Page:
Empirical Essays in Industrial Organization: Application in Airline and Automobile Industries
This dissertation consists of three essays in empirical industrial organization with applications in U.S. airline and automobile industries. Chapter 1 motivates the aim of this dissertation with a brief summary of the main goals and findings of the subsequent chapters.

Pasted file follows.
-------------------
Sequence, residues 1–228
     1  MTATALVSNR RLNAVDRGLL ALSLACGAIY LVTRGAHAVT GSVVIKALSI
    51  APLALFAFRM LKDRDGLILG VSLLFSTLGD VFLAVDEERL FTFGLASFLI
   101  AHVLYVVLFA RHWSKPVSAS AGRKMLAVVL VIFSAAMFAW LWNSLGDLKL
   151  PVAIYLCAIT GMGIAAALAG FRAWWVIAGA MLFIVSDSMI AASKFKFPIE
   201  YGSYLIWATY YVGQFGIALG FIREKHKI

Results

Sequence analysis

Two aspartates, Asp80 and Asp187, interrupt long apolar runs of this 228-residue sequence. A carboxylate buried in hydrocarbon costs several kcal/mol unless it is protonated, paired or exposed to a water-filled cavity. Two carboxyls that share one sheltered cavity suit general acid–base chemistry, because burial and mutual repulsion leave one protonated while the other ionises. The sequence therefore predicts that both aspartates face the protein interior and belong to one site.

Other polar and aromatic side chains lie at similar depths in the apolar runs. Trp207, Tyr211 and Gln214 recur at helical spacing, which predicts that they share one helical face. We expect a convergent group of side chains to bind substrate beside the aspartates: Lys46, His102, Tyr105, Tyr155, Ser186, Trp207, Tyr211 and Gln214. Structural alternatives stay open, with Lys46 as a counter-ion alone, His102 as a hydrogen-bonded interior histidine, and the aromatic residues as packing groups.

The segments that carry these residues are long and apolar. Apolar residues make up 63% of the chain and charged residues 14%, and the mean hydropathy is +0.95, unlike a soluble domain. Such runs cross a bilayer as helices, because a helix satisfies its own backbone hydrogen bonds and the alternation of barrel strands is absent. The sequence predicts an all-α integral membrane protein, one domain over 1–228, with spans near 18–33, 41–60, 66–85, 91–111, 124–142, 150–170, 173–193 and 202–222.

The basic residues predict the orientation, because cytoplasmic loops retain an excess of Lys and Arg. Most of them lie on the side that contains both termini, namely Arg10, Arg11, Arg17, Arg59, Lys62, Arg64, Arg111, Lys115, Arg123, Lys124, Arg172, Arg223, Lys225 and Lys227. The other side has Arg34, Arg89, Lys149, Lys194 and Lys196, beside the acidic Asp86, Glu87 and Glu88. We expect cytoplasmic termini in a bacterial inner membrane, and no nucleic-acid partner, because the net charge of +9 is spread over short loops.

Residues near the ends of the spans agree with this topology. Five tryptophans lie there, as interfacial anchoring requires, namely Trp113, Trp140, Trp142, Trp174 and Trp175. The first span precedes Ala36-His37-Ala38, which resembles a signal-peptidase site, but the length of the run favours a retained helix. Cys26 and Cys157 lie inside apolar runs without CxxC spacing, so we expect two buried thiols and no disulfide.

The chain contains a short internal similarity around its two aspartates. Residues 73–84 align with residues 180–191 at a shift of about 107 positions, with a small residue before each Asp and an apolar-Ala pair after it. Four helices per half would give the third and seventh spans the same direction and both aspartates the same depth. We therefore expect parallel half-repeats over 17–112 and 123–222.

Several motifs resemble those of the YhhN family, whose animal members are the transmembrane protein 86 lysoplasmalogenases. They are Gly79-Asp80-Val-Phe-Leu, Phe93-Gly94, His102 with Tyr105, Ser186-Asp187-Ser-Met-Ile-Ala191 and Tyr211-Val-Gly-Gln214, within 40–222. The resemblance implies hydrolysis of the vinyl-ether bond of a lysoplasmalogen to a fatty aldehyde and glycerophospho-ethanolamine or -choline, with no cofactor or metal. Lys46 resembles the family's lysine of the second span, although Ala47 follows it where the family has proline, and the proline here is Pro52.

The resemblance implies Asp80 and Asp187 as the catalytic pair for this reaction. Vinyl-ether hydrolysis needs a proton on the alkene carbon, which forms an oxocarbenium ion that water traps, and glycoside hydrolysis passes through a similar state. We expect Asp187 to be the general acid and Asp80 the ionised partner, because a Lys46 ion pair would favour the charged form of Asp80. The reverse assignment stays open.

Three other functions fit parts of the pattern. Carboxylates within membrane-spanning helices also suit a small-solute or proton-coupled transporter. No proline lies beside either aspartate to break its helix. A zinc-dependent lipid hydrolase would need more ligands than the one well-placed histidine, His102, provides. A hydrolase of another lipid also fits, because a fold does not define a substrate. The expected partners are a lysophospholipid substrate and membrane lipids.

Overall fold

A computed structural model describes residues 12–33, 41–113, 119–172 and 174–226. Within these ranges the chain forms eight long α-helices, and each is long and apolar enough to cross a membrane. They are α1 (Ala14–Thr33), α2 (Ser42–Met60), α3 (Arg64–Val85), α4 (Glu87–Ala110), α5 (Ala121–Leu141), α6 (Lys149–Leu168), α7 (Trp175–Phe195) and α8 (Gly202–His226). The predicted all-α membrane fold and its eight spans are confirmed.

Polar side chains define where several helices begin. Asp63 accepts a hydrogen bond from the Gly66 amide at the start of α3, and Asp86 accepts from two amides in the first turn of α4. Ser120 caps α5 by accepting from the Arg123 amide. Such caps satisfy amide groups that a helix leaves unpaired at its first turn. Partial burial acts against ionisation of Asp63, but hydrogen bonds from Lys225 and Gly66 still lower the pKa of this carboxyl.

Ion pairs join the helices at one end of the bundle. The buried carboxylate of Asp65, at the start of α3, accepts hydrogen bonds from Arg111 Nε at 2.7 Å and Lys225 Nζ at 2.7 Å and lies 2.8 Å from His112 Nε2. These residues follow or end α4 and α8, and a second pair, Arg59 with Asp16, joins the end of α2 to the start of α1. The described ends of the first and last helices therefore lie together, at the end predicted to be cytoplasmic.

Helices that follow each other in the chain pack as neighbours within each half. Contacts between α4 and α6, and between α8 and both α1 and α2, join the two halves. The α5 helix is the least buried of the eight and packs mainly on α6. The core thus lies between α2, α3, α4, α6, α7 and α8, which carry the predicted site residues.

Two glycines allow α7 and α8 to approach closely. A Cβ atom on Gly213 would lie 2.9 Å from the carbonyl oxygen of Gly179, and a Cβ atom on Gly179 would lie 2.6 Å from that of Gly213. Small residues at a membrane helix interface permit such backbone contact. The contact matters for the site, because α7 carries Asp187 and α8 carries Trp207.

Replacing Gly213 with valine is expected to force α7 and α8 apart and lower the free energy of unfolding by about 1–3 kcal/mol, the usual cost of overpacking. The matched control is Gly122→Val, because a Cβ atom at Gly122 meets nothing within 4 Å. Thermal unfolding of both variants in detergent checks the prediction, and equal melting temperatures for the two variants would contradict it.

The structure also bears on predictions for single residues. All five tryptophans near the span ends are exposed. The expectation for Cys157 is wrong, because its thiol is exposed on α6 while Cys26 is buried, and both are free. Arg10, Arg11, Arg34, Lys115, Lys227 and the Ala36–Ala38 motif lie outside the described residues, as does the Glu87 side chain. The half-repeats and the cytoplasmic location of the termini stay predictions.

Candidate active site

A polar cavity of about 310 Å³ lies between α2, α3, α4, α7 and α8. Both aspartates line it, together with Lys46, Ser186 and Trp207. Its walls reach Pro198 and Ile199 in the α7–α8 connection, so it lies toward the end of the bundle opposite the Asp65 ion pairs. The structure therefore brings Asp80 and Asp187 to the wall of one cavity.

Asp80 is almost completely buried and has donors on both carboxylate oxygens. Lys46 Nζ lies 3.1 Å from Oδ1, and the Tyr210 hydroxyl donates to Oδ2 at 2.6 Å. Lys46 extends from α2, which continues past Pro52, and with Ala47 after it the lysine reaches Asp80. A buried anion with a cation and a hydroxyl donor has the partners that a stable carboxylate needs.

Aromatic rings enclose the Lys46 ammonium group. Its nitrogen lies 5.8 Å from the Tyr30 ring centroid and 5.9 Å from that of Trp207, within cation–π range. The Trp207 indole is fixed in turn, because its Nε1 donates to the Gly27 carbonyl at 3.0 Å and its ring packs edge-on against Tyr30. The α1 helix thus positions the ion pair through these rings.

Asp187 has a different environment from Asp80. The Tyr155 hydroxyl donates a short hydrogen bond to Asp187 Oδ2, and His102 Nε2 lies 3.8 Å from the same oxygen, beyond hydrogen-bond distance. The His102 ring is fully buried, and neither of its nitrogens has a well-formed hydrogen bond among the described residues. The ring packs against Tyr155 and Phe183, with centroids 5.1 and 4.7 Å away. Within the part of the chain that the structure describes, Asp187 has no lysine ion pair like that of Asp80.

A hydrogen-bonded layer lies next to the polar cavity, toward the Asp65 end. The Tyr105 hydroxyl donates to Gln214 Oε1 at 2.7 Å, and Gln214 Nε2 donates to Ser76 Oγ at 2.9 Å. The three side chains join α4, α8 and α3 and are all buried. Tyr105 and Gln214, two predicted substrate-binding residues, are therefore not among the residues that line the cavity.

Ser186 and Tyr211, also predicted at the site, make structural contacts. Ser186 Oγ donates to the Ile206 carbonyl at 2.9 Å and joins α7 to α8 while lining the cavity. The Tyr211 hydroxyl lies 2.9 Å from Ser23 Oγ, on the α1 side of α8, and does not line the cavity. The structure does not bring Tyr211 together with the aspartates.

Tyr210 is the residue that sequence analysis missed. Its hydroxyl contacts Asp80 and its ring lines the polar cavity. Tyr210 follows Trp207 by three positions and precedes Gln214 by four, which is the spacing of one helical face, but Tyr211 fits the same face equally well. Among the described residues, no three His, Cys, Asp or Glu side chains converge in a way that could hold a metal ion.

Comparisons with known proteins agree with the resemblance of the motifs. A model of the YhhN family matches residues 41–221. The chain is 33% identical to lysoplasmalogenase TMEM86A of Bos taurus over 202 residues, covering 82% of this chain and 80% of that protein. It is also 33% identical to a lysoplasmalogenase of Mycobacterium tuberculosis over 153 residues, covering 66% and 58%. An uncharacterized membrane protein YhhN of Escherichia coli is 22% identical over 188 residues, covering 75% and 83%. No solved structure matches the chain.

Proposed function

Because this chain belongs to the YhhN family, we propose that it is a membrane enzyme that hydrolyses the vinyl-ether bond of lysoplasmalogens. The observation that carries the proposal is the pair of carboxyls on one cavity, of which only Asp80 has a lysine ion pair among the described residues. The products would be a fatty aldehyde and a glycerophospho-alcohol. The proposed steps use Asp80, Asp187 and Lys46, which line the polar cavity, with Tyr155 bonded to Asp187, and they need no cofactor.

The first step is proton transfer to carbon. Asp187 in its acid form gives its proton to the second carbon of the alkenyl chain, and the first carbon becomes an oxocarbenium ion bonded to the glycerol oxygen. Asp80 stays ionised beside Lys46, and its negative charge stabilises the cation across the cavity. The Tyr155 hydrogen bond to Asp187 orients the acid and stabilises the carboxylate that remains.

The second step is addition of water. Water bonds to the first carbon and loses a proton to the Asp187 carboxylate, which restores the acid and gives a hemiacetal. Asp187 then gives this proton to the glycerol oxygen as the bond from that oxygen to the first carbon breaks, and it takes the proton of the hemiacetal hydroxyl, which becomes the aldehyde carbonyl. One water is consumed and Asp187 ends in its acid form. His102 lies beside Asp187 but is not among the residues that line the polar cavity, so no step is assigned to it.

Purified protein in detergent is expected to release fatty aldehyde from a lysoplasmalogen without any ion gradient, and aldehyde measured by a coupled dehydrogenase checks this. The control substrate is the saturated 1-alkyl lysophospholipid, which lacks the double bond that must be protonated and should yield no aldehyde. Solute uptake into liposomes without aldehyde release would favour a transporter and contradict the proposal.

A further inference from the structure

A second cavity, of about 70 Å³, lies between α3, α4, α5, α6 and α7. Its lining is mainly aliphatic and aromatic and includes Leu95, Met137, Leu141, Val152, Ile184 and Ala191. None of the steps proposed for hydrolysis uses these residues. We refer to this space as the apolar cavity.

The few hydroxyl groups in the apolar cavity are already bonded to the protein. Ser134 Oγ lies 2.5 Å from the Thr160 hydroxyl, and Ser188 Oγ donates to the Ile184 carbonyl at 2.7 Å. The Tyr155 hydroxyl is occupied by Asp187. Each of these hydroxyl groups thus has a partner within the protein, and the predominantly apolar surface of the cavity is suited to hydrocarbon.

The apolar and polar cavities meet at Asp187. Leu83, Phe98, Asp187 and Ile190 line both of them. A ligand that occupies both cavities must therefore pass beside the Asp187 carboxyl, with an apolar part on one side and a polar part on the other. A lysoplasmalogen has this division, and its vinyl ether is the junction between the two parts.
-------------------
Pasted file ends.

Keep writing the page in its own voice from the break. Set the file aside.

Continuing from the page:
The main focus of this dissertation is to higlight the changing environments in the U.S. airline and automobile industries in recent years and investigate their implications for the nature of industry competitiveness. Following the recession of 2000 and post 9/11 events, the U.S. airline industry has undergone major restructuring which has defined the way airlines compete today. Chapter 2 of this dissertation explores the impact of the presence of Low Cost Carriers (LCCs) on consumer welfare in this newly restructured market environment. Previous studies on LCC competition have not addressed the welfare issue and have only been limited to impact of LCC entry on average airfare. Departing from previous literature, this question is posed using a discrete choice model of demand for differentiated products. In chapter 3 we use a structural oligopoly model for differentiated products similar to chapter 2 to unveil the nature of conduct that exists in markets with endpoints which qualify as hubs of legacy carriers. In contrast to previous literature on airline hub market conduct, this chapter investigates the nature of conduct that exists in markets defined exclusively by network carrier hubs as a whole group incorporating product differentiation in the model framework. Finally chapter 4 uses the same methodological framework outlined in chapter 3 to explore the importance of frequent incidence of manufacturer incentives in shaping market conduct in the automobile industry. Unlike past literature on automobile market conduct, this is achieved using proprietary dealer level average transaction price data obtained from J.D. Power and Associates (JDPA) with a focus on the Big Three automakers. Specifically we use the widely successful Employee Discount Pricing (EDP) promotional program of 2005, the first of its kind, as a backdrop to identify changes in the nature of short run conduct among the Big Three that might be signalled by such promotional programs.